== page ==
From Rotherham to Bangkok and back!

My name is Shaun Webster. I am a parent with a learning disability and a grandad. I am an International Project Worker at CHANGE. I want to share my experience about my life with you, from the past working at a large retail company, when I never left Rotherham, to now being a role model for other people with learning disabilities.

When I got a job working at this large shop it was fine at the beginning. When I wanted to do different jobs they said ‘Yes’ at first, but they never followed it up. My job was sweeping up, packing and taking boxes out to customers. They didn’t trust me to do nothing else. I started to get very bored. Most of the time I was sweeping up and getting jobs nobody wanted to do. They used to abuse me physically and mentally because of my learning disability. They used to call me…I hate this word, ‘retard’ and ‘spacca’. They used to lob things at me and sometimes it hit me on my head. I used to get very down and I felt very small like I was less of a human being. I thought,’ I’m going to be here in Rotherham all my life and I’ll never go anywhere’. I told my supported employment agency how I felt working here but I only saw my support worker twice a year and nothing got done about it. I told the manager at the shop too, but when I told him, it was a bit better for a week or two and then it got worse. I just felt they didn’t want me there because I’ve got learning disabilities and I was just someone to abuse.

I moved from my brother’s house into Keyring, a housing organisations for people with learning disabilities to live independently in the community. I talked to my support worker there about my job and I told them I was looking for another job. My support worker got me promoting Keyring and I thought I was quite good at that. One of my friends was going for a job at CHANGE and he told me about another job at CHANGE. I had the interview. I’d never been further than South Yorkshire and had never been to Leeds before. I travelled on the train on my own, that was new for me!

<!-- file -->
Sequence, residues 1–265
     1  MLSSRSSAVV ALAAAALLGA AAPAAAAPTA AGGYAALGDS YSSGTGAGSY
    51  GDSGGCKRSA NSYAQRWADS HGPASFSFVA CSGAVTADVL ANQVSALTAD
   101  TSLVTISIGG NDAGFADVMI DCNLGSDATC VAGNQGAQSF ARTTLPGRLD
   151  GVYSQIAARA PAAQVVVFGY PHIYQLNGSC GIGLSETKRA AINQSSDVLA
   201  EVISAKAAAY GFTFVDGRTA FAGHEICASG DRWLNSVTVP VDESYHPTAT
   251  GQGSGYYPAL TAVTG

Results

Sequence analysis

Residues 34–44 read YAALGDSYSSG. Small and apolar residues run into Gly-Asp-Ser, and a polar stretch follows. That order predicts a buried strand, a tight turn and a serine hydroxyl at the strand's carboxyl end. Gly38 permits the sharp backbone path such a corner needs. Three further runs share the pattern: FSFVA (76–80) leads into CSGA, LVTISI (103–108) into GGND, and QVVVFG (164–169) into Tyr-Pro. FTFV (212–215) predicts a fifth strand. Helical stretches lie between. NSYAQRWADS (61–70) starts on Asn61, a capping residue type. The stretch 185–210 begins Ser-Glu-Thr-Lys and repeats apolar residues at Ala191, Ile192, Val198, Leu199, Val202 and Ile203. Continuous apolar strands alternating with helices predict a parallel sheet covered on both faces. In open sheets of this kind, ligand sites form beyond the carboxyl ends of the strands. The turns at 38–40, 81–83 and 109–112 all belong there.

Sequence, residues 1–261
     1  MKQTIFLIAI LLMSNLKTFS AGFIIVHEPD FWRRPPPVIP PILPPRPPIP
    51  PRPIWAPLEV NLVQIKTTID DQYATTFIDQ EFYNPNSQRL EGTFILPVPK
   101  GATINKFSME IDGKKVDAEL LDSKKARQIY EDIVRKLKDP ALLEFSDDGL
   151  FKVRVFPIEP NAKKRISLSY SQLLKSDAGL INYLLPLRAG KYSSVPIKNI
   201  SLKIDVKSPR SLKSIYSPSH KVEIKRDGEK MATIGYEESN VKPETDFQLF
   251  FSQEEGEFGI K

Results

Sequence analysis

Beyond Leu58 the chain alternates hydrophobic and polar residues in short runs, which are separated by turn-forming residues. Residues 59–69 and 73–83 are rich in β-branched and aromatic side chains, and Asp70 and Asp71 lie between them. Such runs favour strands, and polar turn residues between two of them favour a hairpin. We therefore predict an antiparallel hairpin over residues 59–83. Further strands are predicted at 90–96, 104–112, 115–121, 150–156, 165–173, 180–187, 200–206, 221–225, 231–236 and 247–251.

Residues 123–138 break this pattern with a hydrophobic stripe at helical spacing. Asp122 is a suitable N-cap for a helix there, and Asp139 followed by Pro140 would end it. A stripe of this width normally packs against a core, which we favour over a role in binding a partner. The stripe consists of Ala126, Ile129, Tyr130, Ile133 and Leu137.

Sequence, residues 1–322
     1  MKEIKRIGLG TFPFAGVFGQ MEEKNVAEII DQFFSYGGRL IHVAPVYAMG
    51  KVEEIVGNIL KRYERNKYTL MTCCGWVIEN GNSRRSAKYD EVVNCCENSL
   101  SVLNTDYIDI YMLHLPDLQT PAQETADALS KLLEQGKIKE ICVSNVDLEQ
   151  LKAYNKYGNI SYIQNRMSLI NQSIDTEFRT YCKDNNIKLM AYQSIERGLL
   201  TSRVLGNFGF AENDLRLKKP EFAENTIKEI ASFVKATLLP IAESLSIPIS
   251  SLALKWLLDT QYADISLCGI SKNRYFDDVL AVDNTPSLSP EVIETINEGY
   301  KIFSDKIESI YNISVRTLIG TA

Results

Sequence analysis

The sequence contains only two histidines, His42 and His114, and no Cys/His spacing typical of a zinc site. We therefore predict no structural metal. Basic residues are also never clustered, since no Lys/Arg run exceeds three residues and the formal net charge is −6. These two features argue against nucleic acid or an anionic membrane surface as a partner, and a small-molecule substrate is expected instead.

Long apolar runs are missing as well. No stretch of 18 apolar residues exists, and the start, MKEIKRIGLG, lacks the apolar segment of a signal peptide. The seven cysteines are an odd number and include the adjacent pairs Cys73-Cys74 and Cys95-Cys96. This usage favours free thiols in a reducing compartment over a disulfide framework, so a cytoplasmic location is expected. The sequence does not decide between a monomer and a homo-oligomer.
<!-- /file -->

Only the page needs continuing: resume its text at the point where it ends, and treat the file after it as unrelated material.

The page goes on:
I got the job! I felt I’d won the lottery!! I felt that I was escaping from the hole I was in. I told the retail shop ‘Goodbye’.  I was really happy, although things got even worse in my last month. On my last day they tied me up and put a sock in my mouth. I felt very demeaned and abused. They kept saying to me, ‘You’ll be back here’. I thought, ‘No I won’t’. The first thing my boss at the shop asked me was how much money I was getting, he told me how much he was getting and I was getting more than him! He were annoyed!

At CHANGE there were a lot of people with learning disabilities on proper paid jobs. I felt overwhelmed, I’d never seen so many people with learning disabilities working before, I thought I was the only one. I’d never worked as a co-worker before. At first I thought my co worker who didn’t have learning disabilities was my boss! I was used to people who didn’t have learning disabilities mentally abusing me, I wasn’t used to being respected.

When I started working at CHANGE, I started to learn more about myself. I didn’t realize the skills I had! I started travelling to Leeds on my own and getting more confident with that. CHANGE looks at the skills we have. They look at what we can do. They want us to learn new skills but they don’t judge us on what we can’t do. CHANGE have patience with me, they don’t judge us, they respect us. CHANGE wants us to have power and independence and confidence in ourselves.They want us to run training but they teach us the rights skills so we can do that. CHANGE supports us to have a real voice when we are talking to professionals. Sometimes we feel angry with professionals and MPs but CHANGE shows us how to put our message across  in a respectful way, how to talk to them like an equal. CHANGE helps us understand what having power, rights and equality means. Together we make sure that people who don’t have learning disabilities work equally with us. We make sure that people with learning  disabilities know about having power. We make sure we speak up for ourselves. We do training around what is power and what it means to us.

I didn’t know how to network or give presentations before I worked at CHANGE, but CHANGE gave me training and skills to do that. Working at CHANGE gives us self belief, as many of us don’t believe in ourselves. CHANGE supports us to learn how to use our life experience in our work. Before coming to CHANGE people used to talk for me all the time. They can’t shut me up now! CHANGE supports us to take risks, we do make mistakes but we learn from it, CHANGE doesn’t judge us, we learn from it and we do it better next time. Often people with learning disabilities are judged on their mistakes and aren’t allowed to learn from them.